A native Chicagoan, Helfgott (Professor Emeritus) joined the faculty of the VCUarts Department of Sculpture in 1968. He has since been a creative mainstay of the Richmond arts community, while also exhibiting at numerous venues beyond the region. In the aftermath of his retirement from teaching in 2003, Helfgott’s activity in the studio has continued unabated. Organized thematically, the exhibition combines new and recent works from this enormously productive period with significant pieces from over the decades, including sculptures he made not long after arriving in Richmond.
Helfgott has always conceived sculpture as a flexible and inclusive activity, capable of accommodating diverse materials, objects, approaches, ideas, and collaborations. “This gives his work a vitality and depth that is fresh, edgy, and often badly behaved,” observes VCUarts Dean Joe Seipel. “Its underlying mischievous and subversive character keeps the viewer engaged with complex issues and imagery.”
As an undergraduate, Helfgott studied architecture and design at the University of Illinois and Southern Illinois University before completing his MFA in sculpture at SIU. In the late 1950s and early 60s, studies with the visionary architect R. Buckminster Fuller instilled in him a lifelong interest in physical structure, apparent today in the meticulously made plywood armatures of his sculptures.
At the same time, Helfgott’s exposure to Gestalt psychology shaped other enduring aspects of his work, including his concept of the viewer’s participatory role and the psychological self-portrait, which reappears in different guises through the years, often in a fragmented state. As a young artist, he was also intent on incorporating in sculpture the figure-ground relationship and pictorial space of painting, a concern reflected more recently in his manipulation of photographs into three-dimensional components.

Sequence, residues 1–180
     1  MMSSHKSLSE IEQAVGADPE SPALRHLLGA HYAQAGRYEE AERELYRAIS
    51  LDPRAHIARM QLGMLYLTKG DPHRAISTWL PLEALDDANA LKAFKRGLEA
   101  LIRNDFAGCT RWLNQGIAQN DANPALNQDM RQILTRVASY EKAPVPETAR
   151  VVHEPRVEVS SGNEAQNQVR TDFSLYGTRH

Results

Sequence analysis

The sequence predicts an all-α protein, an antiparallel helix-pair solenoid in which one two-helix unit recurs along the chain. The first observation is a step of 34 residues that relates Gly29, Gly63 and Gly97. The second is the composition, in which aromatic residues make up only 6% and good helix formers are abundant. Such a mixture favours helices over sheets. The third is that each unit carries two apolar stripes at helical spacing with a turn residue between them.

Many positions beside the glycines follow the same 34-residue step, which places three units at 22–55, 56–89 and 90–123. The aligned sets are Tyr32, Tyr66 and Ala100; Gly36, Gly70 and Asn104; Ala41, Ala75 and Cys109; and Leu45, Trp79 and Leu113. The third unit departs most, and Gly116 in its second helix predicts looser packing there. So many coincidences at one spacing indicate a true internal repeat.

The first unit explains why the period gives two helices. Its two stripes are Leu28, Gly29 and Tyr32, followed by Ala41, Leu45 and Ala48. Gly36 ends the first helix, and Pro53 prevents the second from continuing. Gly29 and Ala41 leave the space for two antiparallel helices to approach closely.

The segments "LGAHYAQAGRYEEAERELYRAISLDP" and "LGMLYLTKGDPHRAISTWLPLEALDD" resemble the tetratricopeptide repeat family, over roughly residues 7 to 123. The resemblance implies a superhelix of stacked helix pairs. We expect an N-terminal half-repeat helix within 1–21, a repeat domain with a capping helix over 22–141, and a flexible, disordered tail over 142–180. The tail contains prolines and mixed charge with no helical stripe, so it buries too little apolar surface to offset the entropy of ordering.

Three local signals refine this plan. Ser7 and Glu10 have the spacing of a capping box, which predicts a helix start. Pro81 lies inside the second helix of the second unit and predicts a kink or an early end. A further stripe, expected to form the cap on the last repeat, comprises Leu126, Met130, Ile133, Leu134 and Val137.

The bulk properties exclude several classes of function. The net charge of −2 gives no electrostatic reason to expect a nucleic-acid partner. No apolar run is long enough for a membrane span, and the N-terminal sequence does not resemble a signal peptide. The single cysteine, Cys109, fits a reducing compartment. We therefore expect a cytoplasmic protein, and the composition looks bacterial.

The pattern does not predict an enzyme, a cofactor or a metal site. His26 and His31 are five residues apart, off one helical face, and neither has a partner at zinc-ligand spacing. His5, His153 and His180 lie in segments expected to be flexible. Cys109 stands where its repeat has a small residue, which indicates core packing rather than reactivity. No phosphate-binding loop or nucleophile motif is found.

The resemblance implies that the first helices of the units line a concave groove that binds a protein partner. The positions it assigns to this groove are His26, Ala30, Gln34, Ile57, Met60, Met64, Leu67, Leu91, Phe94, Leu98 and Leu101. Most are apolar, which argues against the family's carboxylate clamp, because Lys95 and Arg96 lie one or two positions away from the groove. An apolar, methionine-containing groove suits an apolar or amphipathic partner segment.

During the 2000s, deeply influenced by literature and film, Helfgott introduced the element of time by first adding kinetics and then audio to his work–the latter based mostly on his own texts whose wide-ranging existential musings are full of humor, wit, and pathos. “The challenge and rewards of an open-ended process draws Helfgott back into the studio each day,” notes Kistler, “not only in terms of material experimentation, but also for the meaningful self-discovery that is gleaned in the making.”
Published by the Anderson Gallery, and funded by generous contributions from individuals and the Dean’s Office, a fully illustrated catalogue will accompany the exhibition. It will include a foreword by Seipel, essays by Kistler and VCU Professor Emeritus of Art History Howard Risatti, a story by fiction writer and critic Dinah Ryan, a comprehensive biography by Gallery Coordinator Tracy Garland, and additional contributions from sculptors Elizabeth King and Lester Van Winkle, editor Mary Flinn, and poet Elizabeth Seydel Morgan.